RECORD STORE TALES MkII: Getting More Tale
#378: “Kick it Kevin, do something Kevin!”*
If you’re like me, then you absolutely hate it when a piece of your valued technology goes on the fritz. It happens frequently enough. Something stops working, and you try to get it functioning again. For men at least, our first reaction is usually to give the malfunctioning piece of tech a good whack. You might give it a swift kick, cross fingers, and sometimes that’s all it takes! Kick it, and it’s suddenly back to life. A loose connection, perhaps. Or maybe there’s something mystical about the art of kicking something to make it work again. Whatever the case may be, fixing one of our modern tech items by ourselves is becoming increasingly more difficult today. Certainly, a kick rarely works anymore. All of us will have to replace at least one tech item in our households this year. Be it your audio device, stereo component, TV, gaming system, computer, or even just your microwave, everything we buy today has a built-in short-term lifespan.
When I was working at the Record Store, it seemed that at least two of our seven CD players were always broken at all times. When the main store player broke, we’d swap it out with one of the customer listening station players. Disc players don’t seem durable anymore. Yet somehow I still own my mom’s original 5 disc CD changer from 1991 (a Sony about the size of a battleship), and it’s the most reliable player in my home. It’s probably also the oldest piece of tech in the house. That old Sony keeps on ticking, no kicking required. Every once in a while it needs a good cleaning, but then it’s good to go once more.
Here’s another interesting fact about my Sony. It’ll play anything. Be it a DualDisc or an old cheap Canadian independent CD from the early 90’s, it can play it. Neither my PC nor laptop will play those things without an annoying amount of artificial digital noise. My 24 year old Sony will.
That one CD player aside, everything else here seems to constantly be on the verge of collapse! I had to buy a new blu-ray player last spring. The old one refused to boot up anymore. The original wasn’t a cheap player: I paid almost $500 for it, in 2010! I was beyond upset when I had to replace it (with a $120 Samsung from Walmart) but the new player has all sorts of bells and whistles built in that the old one didn’t! The ability to play Netflix, Youtube, or video files off a flash drive were all new to me when I bought it; the old player couldn’t do those things. (I almost feel like I should have waited before making the switch to Blu.)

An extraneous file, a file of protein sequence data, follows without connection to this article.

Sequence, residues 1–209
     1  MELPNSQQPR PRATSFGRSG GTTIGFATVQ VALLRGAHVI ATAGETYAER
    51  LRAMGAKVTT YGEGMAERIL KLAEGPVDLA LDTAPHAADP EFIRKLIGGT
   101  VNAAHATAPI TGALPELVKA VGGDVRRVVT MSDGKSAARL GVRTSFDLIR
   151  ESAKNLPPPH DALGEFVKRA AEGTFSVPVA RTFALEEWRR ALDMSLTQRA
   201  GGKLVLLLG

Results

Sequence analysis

More than just the Blu-ray player, everything else here busts eventually. Both Jen and I have owned Hipstreet brand mp3 players that broke within mere weeks. I had to replace my car stereo two years ago (I drive a 2010). Speaking of car stereos, two weekss ago my left door side speaker started cutting in and out! The following week, it died altogether. I gave it several good solid boot kicks, but it did not help and I had to have it fixed to the tune of $200. A similar problem happened in my old Plymouth Sundance. The left door speaker blew but the car was on its last legs and it wasn’t worth spending money on. T-Rev came over one night to help me pry the door panel off; we were hoping it was just a wire that came loose. We never figured it out, but we did damage the door panel in the process. I never want to pry off another door panel.
Let’s not even talk about computers! I’ve had to replace more power supplies, fans, cards, routers, monitors…hell, just last week, one of the ethernet ports on my router died. No idea why, it’s just one of those things that happens, isn’t it? The nice thing though, about being forced to replace something like that, is that you are almost certain to be upgrading every time. Since the technology becomes fancier over the years, if you blow a hard drive you’ll most likely be replacing it with a bigger and faster one.
Faster, sleeker, tricked out…technology keeps getting more exciting, but more disposable. When I was a kid, it didn’t seem that way. Each family had a VCR…that was their VCR. They didn’t go and buy a new and better one every two years. Each kid had a ghetto blaster. That was their ghetto blaster…it was expected to last many years. If it broke, you fixed it or got it fixed. That’s how it went. Today, we go buy a new one, and pay a recyling fee to throw out the old. Seems to me like it’s not the technology that’s broken, it’s this disposable culture we live in.
* The title refers to an on-stage meltdown by the band Extreme last year. Their own technology went sour and they were having sound issues all night. Nuno walked off stage…Pat walked off stage…leaving singer Gary Cherone and drummer Kevin Figueiredo up there trying to play “Get the Funk Out” by themselves. After Cherone begging “Kick it Kevin, do something Kevin!” the drummer too left the stage, leaving everyone in puzzlement.